At an altitude of 598m, the prosperous city of PUNE (occasionally still anglicized as Poona), Maharashtra’s second largest, lies close to the Western Ghat mountains (known here as the Sahyadri Hills), on the edge of the Deccan plains as they stretch away to the east. Capital of the Marathas’ sovereign state in the sixteenth century until its rulers were deposed by the Brahmin Peshwa family, Pune was – thanks to its cool, dry climate – chosen by the British in 1820 as an alternative headquarters for the Bombay Presidency. Since colonial days, Pune has continued to develop as a major industrial city and now ranks along with Hyderabad, Bengaluru and Chennai as one of southern India’s fastest growing business centres. Signs of the new prosperity abound, from huge hoardings advertising multistorey executive apartment blocks and gated estates, to cappuccino bars, air-conditioned malls and hip clothing stores.

The full-on traffic and ultra-Westernized city centre may come as a shock if all you know about Pune is its connection with India’s famously laidback, New Age guru, Bhagwan Rajneesh, or Osho (1931–90). The spiritual teacher founded his ashram in the leafy suburb of Koregaon Park in 1974 and, although its activities nowadays generate a lot less publicity than they did during Rajneesh’s lifetime, the centre continues to attract followers from all over the world. It was at least partly due to Osho’s enduring popularity with foreigners that the nearby German Bakery, Koregaon Park’s erstwhile hippie hangout, was targeted for a Mumbai-style terrorist attack in February 2010, which left seventeen dead and around sixty injured – a huge shock for this normally peaceful little enclave. Pune’s other main claim to spiritual fame is the presence on its outskirts of yogarcharya BKS Iyengar’s illustrious yoga centre – a far more sober and serious institution than the Osho ashram.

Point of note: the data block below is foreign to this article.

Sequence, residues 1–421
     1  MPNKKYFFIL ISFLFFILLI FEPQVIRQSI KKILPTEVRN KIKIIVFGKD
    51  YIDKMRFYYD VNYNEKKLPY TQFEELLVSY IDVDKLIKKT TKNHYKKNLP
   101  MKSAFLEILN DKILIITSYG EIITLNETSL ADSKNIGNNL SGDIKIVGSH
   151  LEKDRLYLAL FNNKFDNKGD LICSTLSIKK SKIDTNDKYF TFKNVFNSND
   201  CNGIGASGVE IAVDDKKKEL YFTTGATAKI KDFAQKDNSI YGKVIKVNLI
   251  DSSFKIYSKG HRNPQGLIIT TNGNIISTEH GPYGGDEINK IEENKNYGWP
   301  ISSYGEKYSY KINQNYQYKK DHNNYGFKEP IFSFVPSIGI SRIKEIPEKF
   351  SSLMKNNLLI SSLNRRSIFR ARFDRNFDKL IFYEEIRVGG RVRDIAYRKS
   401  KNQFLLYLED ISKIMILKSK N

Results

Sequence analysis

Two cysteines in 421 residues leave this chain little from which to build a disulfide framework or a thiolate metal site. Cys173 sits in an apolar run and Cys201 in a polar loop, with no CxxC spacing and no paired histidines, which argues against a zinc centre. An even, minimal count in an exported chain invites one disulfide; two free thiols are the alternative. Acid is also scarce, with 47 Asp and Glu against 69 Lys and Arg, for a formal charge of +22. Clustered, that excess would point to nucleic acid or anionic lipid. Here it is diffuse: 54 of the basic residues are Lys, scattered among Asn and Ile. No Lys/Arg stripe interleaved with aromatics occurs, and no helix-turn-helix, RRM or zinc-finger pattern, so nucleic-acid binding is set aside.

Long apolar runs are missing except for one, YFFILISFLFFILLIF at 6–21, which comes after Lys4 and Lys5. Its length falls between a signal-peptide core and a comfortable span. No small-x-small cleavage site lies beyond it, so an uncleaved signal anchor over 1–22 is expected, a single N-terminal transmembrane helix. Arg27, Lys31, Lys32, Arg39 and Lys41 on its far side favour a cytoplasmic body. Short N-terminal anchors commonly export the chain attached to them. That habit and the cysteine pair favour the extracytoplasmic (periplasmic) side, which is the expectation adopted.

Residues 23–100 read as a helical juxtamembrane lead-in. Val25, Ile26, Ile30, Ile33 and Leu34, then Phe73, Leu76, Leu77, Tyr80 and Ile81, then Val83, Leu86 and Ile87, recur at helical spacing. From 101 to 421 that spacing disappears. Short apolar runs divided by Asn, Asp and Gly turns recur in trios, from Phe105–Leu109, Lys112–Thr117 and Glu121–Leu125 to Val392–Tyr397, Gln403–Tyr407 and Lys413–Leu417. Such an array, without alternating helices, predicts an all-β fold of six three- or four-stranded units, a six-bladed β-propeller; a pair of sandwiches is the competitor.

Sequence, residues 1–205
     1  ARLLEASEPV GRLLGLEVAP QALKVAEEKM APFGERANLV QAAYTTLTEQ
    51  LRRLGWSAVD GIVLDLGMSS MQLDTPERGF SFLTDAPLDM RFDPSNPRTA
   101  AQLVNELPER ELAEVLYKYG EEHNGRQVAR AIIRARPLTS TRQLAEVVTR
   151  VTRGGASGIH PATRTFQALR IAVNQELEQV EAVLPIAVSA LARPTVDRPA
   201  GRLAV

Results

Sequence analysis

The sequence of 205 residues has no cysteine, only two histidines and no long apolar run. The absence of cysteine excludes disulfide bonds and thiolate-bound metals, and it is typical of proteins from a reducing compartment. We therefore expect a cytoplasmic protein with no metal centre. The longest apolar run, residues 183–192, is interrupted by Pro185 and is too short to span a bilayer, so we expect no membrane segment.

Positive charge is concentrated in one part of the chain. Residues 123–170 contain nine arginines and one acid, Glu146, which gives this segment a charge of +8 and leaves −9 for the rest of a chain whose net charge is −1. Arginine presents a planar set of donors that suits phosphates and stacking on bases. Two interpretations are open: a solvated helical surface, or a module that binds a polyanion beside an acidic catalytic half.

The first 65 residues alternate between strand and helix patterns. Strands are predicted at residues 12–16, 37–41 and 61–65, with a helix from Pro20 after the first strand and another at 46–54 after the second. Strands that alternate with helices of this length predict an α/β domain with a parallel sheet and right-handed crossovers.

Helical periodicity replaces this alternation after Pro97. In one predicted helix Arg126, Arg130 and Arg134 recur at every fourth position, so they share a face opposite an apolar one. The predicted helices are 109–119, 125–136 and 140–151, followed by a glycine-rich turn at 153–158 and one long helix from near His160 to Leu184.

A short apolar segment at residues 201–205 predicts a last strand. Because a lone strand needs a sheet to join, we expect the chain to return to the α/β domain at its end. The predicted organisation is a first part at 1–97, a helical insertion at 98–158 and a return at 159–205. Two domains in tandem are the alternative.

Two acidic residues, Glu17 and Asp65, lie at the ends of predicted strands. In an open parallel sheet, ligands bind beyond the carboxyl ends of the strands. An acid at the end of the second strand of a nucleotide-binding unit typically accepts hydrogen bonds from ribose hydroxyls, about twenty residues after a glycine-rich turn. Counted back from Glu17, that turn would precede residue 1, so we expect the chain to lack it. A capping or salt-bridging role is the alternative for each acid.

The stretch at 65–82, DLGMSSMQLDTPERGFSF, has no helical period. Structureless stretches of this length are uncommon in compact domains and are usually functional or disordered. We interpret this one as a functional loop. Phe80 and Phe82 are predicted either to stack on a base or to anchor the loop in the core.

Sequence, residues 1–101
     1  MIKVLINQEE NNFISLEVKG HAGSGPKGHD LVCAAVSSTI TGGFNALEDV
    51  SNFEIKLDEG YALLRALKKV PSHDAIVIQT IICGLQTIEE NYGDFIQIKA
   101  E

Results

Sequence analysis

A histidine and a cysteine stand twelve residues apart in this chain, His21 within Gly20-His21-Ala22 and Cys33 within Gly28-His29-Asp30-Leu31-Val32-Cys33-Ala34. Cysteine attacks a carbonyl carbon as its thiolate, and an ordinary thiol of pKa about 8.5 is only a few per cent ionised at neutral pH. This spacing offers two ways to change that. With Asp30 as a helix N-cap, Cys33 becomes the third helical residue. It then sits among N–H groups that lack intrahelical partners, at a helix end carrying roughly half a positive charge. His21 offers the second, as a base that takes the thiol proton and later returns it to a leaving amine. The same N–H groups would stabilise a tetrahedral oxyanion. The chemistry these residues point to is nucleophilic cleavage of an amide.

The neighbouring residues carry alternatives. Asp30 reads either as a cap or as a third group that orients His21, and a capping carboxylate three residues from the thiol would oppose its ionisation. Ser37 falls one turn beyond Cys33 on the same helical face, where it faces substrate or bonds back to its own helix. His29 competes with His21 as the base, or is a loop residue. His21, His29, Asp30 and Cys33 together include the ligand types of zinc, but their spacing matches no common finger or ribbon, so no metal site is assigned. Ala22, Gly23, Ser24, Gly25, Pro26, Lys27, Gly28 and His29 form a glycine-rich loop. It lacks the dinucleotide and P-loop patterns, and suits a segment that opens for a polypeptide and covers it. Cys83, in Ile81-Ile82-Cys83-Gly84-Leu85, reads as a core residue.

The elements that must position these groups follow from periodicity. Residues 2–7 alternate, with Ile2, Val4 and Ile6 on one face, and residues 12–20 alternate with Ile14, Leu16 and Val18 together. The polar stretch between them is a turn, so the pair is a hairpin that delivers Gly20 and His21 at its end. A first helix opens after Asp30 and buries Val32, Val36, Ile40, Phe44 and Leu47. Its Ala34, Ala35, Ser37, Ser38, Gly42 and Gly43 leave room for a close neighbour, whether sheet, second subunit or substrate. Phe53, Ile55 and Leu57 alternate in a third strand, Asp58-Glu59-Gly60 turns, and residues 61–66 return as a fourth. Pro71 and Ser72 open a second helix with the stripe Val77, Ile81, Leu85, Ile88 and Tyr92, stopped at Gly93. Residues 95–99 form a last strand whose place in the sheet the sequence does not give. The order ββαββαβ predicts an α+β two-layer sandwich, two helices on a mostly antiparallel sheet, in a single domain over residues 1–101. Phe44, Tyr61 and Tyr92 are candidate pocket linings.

Pune’s centre is bordered to the north by the River Mula and to the west by the River Mutha – the two join in the northwest to form the Mutha-Mula, at Sangam Bridge. The principal shopping area, and the greatest concentration of restaurants and hotels, is in the streets south of the railway station, particularly Connaught and, further south, MG Road. The old Peshwa part of town, by far the most interesting to explore, is towards the west between the fortified Shaniwarwada Palace and fascinating Raja Dinkar Kelkar Museum; old wooden wadas – palatial city homes – survive on these narrow, busy streets, and the Victorian, circular Mahatma Phule Market is always a hive of activity.

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